Mike Pence has seen all that. Every vice president is a heartbeat away from the presidency as they say, but Mike Pence knows that he may be a plea bargain away from the presidency.

Mike Pence knows that he may be our next Gerald Ford and assume the office of the presidency because the president in effect plea bargains with the impeachment process and resigns.

And so of course, Mike Pence is running for president. Of course he is. And of course, Mike Pence is planning to run for president in the next presidential campaign because he knows how erratic and impulsive Donald Trump is.

And that Donald Trump just might just be the next incumbent president to quit in the middle of his re-election campaign the way Lyndon Johnson did in 1968.

Lyndon Johnson began his re-election year appearing to be invulnerable, on his way to a landslide re-election. Then came a surprise challenge from inside his party, first from Senator Eugene McCarthy and then Senator Robert Kennedy, and then Lyndon Johnson lost the will to fight for the presidential nomination within his own party.

And on March 31st, March 31st, 1968, Lyndon Johnson shocked the country and the world when he said this.

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LYNDON JOHNSON, LATE FORMER PRESIDENT OF THE UNITED STATES: I shall not seek, and I will not accept the nomination of my party for another term as your president.

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O`DONNELL: That moment was absolutely unthinkable until it happened. Donald Trump not running for re-election would not be surprising, and thanks to Lyndon Johnson, it would not be unprecedented.

Ohio Governor John Kasich is one Republican who is thinking of running for president even if Donald Trump runs for re-election.

And by 2020, there could be a very big opening for John Kasich in Trump country. Donald Trump came in a close second in the Ohio caucuses in 2016.

In 2020, he might come in a distant second in the Iowa caucuses if John Kasich runs against Trump on jobs in Iowa. Wright County, Iowa, voted for Donald Trump 2 to 1 over Hillary Clinton.

But some Trump voters there are now very disappointed in the president because he actually fulfilled one of his campaign promises.

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DONALD TRUMP, PRESIDENT OF THE UNITED STATES: I`m going to withdraw the United States from the Trans-Pacific Partnership which is not yet been running.

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O`DONNELL: Donald Trump actually delivered on that promise on his first week in office. One farmer in Wright County, Iowa, who voted for Donald Trump told "Politico", "I was disappointed Trump kind of broadly wiped out TPP before there was even a discussion."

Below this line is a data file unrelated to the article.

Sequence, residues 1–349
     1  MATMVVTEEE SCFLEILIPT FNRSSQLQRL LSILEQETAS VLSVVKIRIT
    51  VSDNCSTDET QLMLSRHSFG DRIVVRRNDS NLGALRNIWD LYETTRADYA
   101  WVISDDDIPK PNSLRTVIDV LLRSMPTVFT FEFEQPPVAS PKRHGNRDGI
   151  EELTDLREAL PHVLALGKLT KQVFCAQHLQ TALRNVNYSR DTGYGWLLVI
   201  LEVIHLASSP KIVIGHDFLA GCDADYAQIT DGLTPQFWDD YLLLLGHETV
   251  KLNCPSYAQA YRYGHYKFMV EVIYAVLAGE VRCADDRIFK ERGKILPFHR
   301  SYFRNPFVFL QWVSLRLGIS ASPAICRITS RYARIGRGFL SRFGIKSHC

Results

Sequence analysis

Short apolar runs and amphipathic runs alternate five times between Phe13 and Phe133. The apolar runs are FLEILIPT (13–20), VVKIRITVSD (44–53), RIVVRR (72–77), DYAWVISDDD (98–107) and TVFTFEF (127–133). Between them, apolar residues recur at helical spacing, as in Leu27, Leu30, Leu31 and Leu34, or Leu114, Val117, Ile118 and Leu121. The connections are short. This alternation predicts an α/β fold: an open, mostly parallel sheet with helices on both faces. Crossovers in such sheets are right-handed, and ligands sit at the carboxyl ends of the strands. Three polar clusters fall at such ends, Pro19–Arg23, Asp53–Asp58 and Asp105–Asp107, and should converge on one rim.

Iowa was one of the many agricultural states that was poised to win huge economic gains and jobs if the United States ratified the Trans-Pacific Partnership.

But that`s not the story Trump and other politicians told about the TPP.

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TRUMP: The Trans-Pacific Partnership is another disaster, done and pushed by special interests, who want to rape our country, just a continuing rape of our country. That`s what it is, too.

It`s a harsh word. It`s a rape of our country. This is done by wealthy people that want to take advantage of us.

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O`DONNELL: Nothing has hurt American farmers more than canceling the Trans-Pacific Partnership. But American farmers do not have the Trumpian indecency to call that rape.

That is the only time Donald Trump spoke out against rape on the campaign trail. And of course, he didn`t actually mean rape.

Bernie Sanders, whose position on TPP was identical to Trump`s never called it rape. That is a uniquely Trumpian gift to the TPP debate.

A hairstylist in Iowa told "Politico", "if the farmers have a bad year, we all have a bad year. If the farmers have a good year, we all have a good year.

Bad years are coming to American agriculture because of the cancellation of TPP. American agriculture long ago began producing more food than America can consume, profit for American farmers is almost entirely dependent on exports to foreign countries.

So when President Trump made noises early in his administration about using executive actions to try to pull out of NAFTA, Iowa corn farmers panicked since their profit margins is dependent on exports to Mexico.

Donald Trump won the electoral college by winning the votes of some people who did not want him to do some of the things that he promised to do.

And that is one of the reasons he is the weakest president in the history of polling at this point in his presidency. It`s because so many of his voters did not vote for all of the Trump agenda.

They were registering a protest vote, many of them, and their next protest vote might be against Donald Trump not just for policy positions, but for the chaos he has created in government and the possible criminality.

The special prosecutor Robert Mueller is investigating yesterday in a rare media appearance. Deputy Attorney General Rod Rosenstein, who appointed the special prosecutor said this about the investigation.

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CHRIS WALLACE, FOX NEWS: In the course of his investigation of the issues that he is looking at, if he finds evidence of a crime, can he look at that?

ROD ROSENSTEIN, DEPUTY ATTORNEY GENERAL, UNITED STATES: Well, Chris, if he finds evidence of a crime that`s within the scope of what Director Mueller and I have agreed is the appropriate scope of this investigation, then he can.